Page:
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In 1985, German film student Peter Braatz contacted David Lynch requesting permission to document the director’s upcoming movie shoot in sleepy Wilmington, North Carolina. Lynch replied positively. “We are making an extremely low-budget film,” he warned Braatz, “so bring lots of money and help us out.”
The movie was Blue Velvet, a neo-noir fever dream that became a controversial cult classic, earning Lynch an Oscar nomination and cementing his reputation as a major new voice in American auteur cinema. Meanwhile, Braatz shelved his documentary project for decades, only recycling a fraction of the material for a short film. Now, decades later, he has finally assembled an audiovisual collage from six hours of Super-8 film and over 1,000 photographs taken on the shoot, most never published before.
Featuring an all-new soundtrack by veteran experimental rockers Tuxedomoon, among others, and stylish screen titles by David Bowie’s favorite album sleeve designer Jonathan Barnbrook, Blue Velvet Revisited is far from a conventional making-of documentary. Screening at the London Film Festival this week, Braatz’s impressionistic “meditation on a movie” would arguably play better in art galleries than movie theaters. But festival programmers and Lynchophiles will savor a spellbinding visual poem that takes us right inside the director’s most influential masterwork without unlocking its impenetrable secrets.
In sunny Wilmington, Braatz finds Lynch intensely engaged in the smallest artistic detail on set, but characteristically elusive about his film’s literal meaning. A boyish 40-year-old at the time, the director’s general manner is open and helpful and less self-consciously “Lynchian” than he would later become. He muses on his love of industrial landscapes, his youthful travels across Europe, his enthusiasm for meditation. Lightweight chatter, mostly, but his most striking rumination looks forward to a high-tech future in which filmmaking will be quicker and easier thanks to small portable cameras and computerized lighting effects. Three decades later, his dream sounds more like prophecy.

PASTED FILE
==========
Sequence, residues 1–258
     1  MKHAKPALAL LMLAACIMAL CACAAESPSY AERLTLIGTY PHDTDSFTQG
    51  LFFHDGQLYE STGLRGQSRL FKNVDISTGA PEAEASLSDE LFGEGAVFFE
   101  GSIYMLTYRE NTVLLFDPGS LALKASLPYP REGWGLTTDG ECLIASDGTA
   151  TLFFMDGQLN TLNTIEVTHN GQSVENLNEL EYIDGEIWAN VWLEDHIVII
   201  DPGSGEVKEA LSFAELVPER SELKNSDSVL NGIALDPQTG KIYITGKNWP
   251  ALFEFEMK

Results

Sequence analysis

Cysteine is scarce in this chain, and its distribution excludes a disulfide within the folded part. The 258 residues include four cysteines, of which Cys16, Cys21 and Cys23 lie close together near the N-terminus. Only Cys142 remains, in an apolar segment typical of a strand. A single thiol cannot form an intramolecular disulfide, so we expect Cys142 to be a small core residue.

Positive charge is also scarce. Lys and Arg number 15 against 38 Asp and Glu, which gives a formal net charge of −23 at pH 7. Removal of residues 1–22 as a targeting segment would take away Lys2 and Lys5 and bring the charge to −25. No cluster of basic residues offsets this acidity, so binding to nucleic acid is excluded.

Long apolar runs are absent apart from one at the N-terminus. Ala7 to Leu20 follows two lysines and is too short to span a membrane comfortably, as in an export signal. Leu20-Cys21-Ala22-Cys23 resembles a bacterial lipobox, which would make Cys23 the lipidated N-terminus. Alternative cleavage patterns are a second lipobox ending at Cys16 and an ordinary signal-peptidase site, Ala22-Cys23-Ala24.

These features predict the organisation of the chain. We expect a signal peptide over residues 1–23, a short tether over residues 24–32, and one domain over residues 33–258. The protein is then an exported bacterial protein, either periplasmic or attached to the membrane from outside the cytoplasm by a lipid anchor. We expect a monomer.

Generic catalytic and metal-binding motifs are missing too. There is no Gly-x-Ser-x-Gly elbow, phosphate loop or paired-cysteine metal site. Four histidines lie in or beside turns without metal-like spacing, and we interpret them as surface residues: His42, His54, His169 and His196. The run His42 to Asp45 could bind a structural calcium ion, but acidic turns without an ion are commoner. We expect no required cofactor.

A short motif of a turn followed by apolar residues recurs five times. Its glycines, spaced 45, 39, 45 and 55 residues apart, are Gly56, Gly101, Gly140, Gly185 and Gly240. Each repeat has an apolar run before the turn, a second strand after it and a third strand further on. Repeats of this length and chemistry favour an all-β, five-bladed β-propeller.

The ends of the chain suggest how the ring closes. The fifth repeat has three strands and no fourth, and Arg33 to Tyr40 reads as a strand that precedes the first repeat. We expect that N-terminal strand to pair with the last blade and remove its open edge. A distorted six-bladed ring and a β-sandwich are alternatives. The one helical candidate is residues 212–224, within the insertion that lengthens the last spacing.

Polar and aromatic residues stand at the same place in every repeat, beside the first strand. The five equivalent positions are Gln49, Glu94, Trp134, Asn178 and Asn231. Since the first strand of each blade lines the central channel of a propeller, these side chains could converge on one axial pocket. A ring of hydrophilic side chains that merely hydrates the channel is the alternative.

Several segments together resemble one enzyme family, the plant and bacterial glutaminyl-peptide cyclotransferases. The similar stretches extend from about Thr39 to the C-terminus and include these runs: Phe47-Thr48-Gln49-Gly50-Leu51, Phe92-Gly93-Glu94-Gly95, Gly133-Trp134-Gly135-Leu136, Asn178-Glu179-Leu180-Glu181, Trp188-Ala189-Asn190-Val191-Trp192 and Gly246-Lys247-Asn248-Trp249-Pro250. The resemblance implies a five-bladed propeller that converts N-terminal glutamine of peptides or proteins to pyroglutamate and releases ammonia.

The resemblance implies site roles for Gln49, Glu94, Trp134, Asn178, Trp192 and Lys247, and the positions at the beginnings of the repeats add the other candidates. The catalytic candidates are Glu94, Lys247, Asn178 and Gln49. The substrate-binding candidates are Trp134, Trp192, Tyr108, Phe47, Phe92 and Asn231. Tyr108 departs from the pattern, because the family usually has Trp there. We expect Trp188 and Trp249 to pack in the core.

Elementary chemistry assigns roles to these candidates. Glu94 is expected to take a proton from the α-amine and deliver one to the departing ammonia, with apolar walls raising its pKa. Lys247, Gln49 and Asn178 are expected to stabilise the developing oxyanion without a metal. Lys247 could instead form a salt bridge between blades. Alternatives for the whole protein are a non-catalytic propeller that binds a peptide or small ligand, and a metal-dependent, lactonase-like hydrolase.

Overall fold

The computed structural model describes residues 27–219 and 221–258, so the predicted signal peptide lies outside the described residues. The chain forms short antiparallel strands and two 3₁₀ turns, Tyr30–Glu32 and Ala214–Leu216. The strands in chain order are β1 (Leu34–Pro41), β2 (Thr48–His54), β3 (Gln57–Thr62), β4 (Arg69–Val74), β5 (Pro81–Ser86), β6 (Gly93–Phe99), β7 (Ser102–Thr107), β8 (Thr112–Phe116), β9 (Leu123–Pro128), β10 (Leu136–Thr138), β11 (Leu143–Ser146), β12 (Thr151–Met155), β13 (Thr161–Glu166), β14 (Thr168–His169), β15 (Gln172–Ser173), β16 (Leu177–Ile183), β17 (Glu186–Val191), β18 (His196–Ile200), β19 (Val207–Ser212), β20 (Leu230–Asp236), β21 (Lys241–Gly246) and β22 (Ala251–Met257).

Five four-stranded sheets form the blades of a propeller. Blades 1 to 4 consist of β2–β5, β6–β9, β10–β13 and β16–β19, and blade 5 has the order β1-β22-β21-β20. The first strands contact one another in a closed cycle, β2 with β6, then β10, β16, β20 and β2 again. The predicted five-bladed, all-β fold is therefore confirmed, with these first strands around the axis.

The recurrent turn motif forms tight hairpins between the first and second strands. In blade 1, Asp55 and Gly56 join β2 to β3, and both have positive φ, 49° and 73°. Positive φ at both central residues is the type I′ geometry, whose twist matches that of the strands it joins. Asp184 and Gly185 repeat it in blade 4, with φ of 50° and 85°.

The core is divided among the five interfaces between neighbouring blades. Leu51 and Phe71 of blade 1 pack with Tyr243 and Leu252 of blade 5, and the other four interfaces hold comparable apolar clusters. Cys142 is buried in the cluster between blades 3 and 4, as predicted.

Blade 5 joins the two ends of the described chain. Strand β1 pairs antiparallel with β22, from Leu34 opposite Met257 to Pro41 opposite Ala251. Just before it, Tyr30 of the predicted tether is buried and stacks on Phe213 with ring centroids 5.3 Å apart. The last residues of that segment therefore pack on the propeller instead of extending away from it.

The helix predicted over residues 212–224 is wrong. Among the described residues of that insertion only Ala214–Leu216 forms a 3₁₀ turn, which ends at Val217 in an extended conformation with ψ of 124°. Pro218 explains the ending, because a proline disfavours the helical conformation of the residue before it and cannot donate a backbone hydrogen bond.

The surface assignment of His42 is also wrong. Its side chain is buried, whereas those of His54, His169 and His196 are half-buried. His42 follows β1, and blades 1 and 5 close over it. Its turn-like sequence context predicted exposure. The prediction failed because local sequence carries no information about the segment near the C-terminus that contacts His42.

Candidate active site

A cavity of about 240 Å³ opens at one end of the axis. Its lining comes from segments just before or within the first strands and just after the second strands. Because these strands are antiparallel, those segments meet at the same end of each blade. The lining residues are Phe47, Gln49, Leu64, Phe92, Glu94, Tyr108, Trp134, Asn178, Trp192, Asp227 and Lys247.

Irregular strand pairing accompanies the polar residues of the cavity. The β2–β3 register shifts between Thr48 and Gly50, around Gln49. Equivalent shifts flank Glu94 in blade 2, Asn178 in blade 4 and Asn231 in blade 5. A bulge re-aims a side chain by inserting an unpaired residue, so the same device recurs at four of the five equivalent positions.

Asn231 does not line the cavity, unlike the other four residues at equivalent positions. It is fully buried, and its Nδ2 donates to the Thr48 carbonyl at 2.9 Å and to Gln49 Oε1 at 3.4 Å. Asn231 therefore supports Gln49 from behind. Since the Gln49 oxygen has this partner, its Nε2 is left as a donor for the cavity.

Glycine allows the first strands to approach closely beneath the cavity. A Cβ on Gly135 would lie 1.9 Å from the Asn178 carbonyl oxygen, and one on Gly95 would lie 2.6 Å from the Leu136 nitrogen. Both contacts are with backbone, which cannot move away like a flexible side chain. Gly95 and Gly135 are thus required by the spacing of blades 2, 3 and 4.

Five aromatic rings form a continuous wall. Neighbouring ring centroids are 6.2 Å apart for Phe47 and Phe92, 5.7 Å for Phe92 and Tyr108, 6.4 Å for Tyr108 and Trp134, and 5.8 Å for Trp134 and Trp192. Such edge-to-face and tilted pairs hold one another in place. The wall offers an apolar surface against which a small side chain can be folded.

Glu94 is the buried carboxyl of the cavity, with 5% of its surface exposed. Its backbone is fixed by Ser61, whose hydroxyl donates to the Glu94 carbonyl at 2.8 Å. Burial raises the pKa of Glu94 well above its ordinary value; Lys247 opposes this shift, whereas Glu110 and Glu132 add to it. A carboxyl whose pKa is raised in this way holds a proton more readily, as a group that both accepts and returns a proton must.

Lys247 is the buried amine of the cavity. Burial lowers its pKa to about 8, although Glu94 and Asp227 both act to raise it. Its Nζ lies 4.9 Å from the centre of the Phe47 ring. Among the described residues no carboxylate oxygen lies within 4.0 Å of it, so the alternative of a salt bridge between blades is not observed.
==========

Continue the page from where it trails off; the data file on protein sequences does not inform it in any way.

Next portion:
Braatz also grabs backstage soundbites from Blue Velvet castmembers including Dennis Hopper, Jack Nance and Isabella Rossellini, who would become Lynch’s partner for the next few years. On the cusp of a career-reviving comeback after a long battle with drink and drugs, Hopper is the most expansive, arguing that the young director is more of a surrealist than a cineaste. “David is dealing with his own subconscious,” he says, “his own way of looking at things, and it’s not emulative of anybody.”
Once again, these are not formal interviews conducted and edited with documentary rigor. Mostly they just serve as another layer of texture, small details on a wider canvas. In many cases, visuals and sounds are not even in sync, so interviews float over unrelated footage with a disembodied, dreamlike air. Music features much more prominently than speech, with Tuxedomoon’s woozy, jazzy, ambient soundtrack wafting the film along in place of any coherent narrative drive.
While Blue Velvet Revisited does not throw much fresh light on Lynch’s breakthrough film, it is a charmingly offbeat time capsule of the 1980s, and a disarmingly sweet backstage snapshot of a dark cult classic in the making. It is also a quietly mesmerizing sensory experience, with a distinctive rhythm and look that makes it a stand-alone artwork rather than a mimetic mirror of its subject. The real treasure here is Braatz’s rich archive of monochrome photographs, whose crisp formal beauty puts his scrappy Super-8 footage to shame. Damn fine pictures.
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